Hamer had been working in loose consort with Dallas Sheriff Smoot Schmid, Dallas Deputy Bob Alcorn, Deputy Ted Hinton and a few committed agents from Hoover’s prototype agency for the FBI (even as Hoover resented having an aging legend like Hamer on the case); but now Hamer specifically asked for a partner from his former Texas Rangers days, an old-school lawman he could count on—a former Ranger named B.M. “Maney” Gault.
Frank Hamer had known Maney Gault since the mid-1920s, when they were neighbors in Austin. The diminutive, steely-eyed Gault had been a stock and dairy farmer until crashing milk prices forced him to find work in a sawmill. Regardless, he was a man after Hamer’s own heart—laconic, loyal, modest, conservative, sardonic and perfectly unbreakable. Hamer appreciated the fact that Maney was from a “Travis County pioneer family.”
As neighbors in the Riverside area of Austin, Hamer and Gault became tight, as did their feisty wives, Gladys and Rebecca. The late Frank Hamer Jr., a preteen then, remembered Gault being as “smooth as satin with a pistol,” but also proficient on the guitar. Captain Hamer was also a competent hill country fiddler, and the two spent many a night playing cards or dominoes, blue grass music, and sharing terse, wry, Texas-style stories. Gladys Hamer had a parrot in a cage who repeated every damn thing a body said; Frank had a pet javelina named Porky who had free run of the house. It was a lively time on Riverside Drive. Hamer, whom Gault called “Pancho,” was a casual and careful sipper while Maney “enjoyed his whiskey” and both were known to “cuss up a storm,” much to the amusement of young Frank Jr., who came to think of Maney Gault as an uncle.
This was years before Gault joined the Texas Rangers, but Hamer was already using his friend and neighbor for specialized undercover work. Maney might have been a cow man and mill worker, but Hamer recognized in him the ability to blend in and “talk his way through,” his lack of fear and the principled moral compass that Hamer valued above all else. He could also kick ass—literally, on more than one occasion. Hamer privately put his friend Maney underground during the rough-and-tumble days of Prohibition, illegal gambling and in lawless oil boomtowns like Mexia and Borger.
The Dust Bowl
As the Great Depression grew near and private sector jobs dried up—even the sawmills—Hamer offered his friend a job in the Texas Rangers Headquarters Company. Hamer and Gault now began to team together in earnest, particularly in the violent Jim Crow climate when African-American men were frequently lynched before due process and trials. Gault was likely among the handful of Rangers who stood with Hamer when he protected a black rape suspect from a lynch mob of 6,000 in Sherman, Texas. As senior captain, Hamer was leading the fight in Texas against the Ku Klux Klan.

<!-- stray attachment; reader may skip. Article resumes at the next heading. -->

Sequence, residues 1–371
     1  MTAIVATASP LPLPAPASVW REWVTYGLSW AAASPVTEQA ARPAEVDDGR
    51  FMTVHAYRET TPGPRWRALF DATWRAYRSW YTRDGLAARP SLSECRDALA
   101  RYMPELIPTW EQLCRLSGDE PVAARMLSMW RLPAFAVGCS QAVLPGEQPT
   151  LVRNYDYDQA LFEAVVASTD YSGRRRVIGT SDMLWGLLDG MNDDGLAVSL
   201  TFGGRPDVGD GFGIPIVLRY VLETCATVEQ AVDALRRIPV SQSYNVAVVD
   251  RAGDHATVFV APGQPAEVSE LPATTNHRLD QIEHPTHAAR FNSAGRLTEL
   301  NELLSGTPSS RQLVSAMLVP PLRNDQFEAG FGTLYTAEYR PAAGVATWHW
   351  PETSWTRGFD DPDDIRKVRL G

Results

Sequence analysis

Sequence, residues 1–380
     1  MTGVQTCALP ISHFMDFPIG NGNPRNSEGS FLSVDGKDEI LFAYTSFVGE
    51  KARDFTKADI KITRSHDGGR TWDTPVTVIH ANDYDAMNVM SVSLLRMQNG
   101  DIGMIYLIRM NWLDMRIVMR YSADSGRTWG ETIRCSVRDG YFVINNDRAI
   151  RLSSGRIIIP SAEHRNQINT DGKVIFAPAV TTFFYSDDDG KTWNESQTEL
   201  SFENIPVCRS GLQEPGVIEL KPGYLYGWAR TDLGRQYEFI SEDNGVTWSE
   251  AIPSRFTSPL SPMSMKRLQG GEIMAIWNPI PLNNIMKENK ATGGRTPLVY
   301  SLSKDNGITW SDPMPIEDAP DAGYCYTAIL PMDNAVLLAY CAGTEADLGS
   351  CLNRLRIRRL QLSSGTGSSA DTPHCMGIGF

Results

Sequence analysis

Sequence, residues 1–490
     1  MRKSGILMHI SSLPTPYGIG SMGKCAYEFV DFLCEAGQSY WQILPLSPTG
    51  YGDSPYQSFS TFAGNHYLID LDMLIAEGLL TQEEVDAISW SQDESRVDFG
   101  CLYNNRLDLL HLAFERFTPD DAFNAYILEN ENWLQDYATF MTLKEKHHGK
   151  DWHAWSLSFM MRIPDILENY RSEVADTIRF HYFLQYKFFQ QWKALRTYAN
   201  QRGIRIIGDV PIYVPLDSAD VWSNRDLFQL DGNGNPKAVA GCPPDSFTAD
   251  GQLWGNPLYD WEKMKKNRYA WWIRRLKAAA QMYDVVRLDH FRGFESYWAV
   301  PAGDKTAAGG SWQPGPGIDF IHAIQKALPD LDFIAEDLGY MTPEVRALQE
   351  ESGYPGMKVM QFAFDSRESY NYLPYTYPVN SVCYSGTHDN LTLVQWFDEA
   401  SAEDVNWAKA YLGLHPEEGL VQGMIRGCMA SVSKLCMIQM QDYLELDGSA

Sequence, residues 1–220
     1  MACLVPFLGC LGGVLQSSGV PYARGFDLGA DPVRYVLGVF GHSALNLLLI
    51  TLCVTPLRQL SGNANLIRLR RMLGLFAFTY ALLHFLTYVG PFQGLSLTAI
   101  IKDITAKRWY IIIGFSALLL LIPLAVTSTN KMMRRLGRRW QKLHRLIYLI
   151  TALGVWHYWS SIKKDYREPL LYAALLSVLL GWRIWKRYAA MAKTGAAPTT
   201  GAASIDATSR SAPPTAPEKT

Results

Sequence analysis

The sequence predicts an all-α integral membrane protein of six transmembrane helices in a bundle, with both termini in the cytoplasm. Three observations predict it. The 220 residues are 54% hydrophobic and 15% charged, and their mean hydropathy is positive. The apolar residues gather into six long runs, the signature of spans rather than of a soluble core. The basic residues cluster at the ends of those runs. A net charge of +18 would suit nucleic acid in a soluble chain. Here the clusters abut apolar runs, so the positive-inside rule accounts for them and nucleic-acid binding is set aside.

Hamer and Gault worked seamlessly together as Rangers up until Miriam “Ma” Ferguson was re-elected as governor of Texas. Hamer and the Rangers had sup-ported rival Governor Ross Sterling, so when the truculent “Ma” won, she fired every Ranger (that is, those who had not already resigned in protest like Hamer and Gault) for their partisanship. Texas became a haven for lawless types, from Machine Gun Kelly to the Barrow Gang. Ma Ferguson was known for generously granting furloughs to prisoners, issuing more than 4,000 pardons during her two non-consecutive terms as governor.
While Gault found work with the Texas Highway Patrol, Hamer took on sporadic detective and security assignments. That’s what he was doing when when Lee Simmons, head of the Texas Prison System, recruited Hamer to hunt down the Barrow Gang.
End of the Trail
By April 14, 1934, Frank and Maney were back together—this time as Highway Patrol officers—sharing the cramped space of Hamer’s Ford and hunting down the notorious killers. Like their quarry, they slept in their car, drove 500 or more miles per day, and mostly lived on crackers and sardines. According to the late Frank Jr., they took guitar and fiddle with them—along with modern firepower.
So it was, that more than a month later (102 days all-in for Hamer), Hamer, Gault, Alcorn, Hinton (the Dallas cops needed to make the positive ID on the criminals), Louisiana Sheriff Henderson Jordan and his Deputy Oakley caught Barrow and Parker in their own pattern of running and put an end to the multistate menace that had left nine lawmen and four innocent civilians dead.
Maney Gault fired his share of rounds on that legendary, controversial and much misunderstood morning. To the very last moment, he was covering his friend Pancho in the silent aftermath when he was reported as yelling “Careful, Cap, they might be possum’n!”
Soon after Ma Ferguson left office, the Texas Rangers were reconstituted into a new state law enforcement agency called the Texas Department of Public Safety. It can be argued that Hamer and Gault had saved the Rangers even as they embarrassed J. Edgar Hoover (it is said that Hoover was livid when Hamer offered to go get Dillinger next).